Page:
Mystery of the "stolen Swiss tax data disc"

 

The saga of the "tax data disc" allegedly stolen from unspecified Swiss banks continues to develop.

No one has been specific about what exactly is on the disc. Some say it contains the names of 1500 German clients of Swiss banks, mostly based in the North Rhine-Westphalia, Bavaria, and Baden-Württemberg regions.

Back in February, Reuters and other sources quoted Angela Merkel and her Finance Minister Wolfgang Schauble as saying they were prepared to buy the CD.

Latest media reports claim - without any solid source - that the German federal government has actually bought the disc for Euro2.5 million.

Hans-Ulrich Meister, Chief Executive of Credit Suisse's Swiss business, has said there is no evidence that any of his clients' names are on it. Meanwhile the Swiss bankers' association has urged Germany not to act as "a receiver of stolen goods".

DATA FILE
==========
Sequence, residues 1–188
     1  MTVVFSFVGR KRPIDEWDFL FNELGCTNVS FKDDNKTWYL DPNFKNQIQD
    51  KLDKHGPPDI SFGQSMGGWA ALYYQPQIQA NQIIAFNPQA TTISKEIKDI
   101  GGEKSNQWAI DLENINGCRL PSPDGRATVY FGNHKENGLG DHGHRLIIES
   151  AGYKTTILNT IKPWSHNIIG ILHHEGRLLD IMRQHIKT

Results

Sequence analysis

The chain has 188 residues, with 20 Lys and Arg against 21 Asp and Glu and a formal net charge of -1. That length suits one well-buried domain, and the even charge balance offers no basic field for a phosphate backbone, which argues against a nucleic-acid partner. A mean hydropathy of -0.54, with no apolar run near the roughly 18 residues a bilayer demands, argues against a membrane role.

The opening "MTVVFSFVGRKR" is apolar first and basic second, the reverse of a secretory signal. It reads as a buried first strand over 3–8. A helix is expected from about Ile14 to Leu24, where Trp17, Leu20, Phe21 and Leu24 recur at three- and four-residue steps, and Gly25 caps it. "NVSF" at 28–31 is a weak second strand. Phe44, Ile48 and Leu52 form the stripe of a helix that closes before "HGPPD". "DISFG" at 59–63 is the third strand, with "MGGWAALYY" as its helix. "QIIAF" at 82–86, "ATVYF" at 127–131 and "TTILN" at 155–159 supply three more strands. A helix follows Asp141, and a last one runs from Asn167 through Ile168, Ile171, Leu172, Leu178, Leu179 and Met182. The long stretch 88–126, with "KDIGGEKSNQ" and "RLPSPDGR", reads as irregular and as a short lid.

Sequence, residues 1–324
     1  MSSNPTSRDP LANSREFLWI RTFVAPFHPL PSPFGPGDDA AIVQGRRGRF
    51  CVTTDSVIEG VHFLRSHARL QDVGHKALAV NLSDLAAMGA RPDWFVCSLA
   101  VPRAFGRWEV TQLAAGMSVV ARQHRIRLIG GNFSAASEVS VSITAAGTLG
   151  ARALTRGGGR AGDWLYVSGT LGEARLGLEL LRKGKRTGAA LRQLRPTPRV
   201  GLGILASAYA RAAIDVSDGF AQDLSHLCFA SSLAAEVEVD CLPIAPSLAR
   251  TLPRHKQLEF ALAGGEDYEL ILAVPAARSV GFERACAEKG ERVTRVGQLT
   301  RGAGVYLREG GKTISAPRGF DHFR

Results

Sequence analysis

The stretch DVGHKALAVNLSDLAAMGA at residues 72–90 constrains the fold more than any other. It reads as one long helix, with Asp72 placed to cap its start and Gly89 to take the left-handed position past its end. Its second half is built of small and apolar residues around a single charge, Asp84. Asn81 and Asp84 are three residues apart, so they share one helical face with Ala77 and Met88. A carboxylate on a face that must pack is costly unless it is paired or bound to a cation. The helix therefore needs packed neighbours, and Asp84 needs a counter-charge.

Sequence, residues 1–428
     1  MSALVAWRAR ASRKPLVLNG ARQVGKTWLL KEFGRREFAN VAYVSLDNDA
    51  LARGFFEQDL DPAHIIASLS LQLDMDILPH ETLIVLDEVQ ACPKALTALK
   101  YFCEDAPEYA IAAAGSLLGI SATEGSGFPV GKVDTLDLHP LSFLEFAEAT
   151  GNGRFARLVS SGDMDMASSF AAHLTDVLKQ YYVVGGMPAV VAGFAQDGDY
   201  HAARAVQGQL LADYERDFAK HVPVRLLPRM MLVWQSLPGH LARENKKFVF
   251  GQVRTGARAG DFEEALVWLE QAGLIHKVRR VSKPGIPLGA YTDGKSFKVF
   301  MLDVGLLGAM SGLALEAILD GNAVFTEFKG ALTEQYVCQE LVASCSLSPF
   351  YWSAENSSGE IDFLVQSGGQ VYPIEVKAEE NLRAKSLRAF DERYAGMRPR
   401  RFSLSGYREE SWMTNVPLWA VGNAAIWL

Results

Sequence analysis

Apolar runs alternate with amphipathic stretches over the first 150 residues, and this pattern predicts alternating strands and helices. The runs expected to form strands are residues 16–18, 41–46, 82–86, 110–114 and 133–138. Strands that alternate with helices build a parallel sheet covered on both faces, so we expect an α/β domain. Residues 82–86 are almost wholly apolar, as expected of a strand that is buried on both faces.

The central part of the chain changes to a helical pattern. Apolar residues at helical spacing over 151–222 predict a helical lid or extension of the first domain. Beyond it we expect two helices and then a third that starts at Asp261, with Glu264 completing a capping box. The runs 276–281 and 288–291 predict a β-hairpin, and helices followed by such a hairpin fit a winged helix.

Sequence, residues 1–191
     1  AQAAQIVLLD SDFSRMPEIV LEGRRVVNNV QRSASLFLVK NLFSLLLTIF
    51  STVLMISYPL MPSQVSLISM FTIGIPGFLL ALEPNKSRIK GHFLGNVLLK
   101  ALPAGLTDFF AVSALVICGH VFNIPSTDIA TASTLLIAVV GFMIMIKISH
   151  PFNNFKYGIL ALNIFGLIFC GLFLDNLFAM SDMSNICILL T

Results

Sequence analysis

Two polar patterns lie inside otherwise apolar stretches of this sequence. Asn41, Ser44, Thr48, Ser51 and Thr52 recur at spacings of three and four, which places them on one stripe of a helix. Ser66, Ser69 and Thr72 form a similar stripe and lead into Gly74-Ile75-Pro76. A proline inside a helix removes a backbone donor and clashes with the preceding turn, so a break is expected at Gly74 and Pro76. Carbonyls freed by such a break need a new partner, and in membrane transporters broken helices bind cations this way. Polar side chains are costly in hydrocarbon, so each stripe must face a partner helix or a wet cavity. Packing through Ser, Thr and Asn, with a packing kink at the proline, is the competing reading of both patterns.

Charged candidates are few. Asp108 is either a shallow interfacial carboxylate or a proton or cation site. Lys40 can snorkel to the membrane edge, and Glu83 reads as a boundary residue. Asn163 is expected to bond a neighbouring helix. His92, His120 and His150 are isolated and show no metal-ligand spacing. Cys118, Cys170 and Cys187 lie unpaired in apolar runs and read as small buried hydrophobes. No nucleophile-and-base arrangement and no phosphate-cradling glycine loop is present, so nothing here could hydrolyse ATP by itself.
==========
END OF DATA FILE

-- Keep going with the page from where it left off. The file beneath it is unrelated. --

Moreover, the well-publicised soap opera has created many copycat thieves, or more likely fraudsters: the financial authorities of various Länder are offered new CDs every week.

 North Rhine-Westphalia is said to have already bought a disc. The Irish, Austrian, Belgian and Dutch governments have also expressed interest.

What seems undisputed is that the tale has scared many German taxpayers into disclosing their foreign assets. The number of voluntary declarations in Germany is said to have doubled to nearly 4,000 in the last week of February.

This has led some to even speculate that the disc exists only in the imagination of the German tax ministry, which has invented the story purely for the purpose of encouraging disclosures.

 

Sources

Wall Street Journal

Tax-News

New York Times

Reuters


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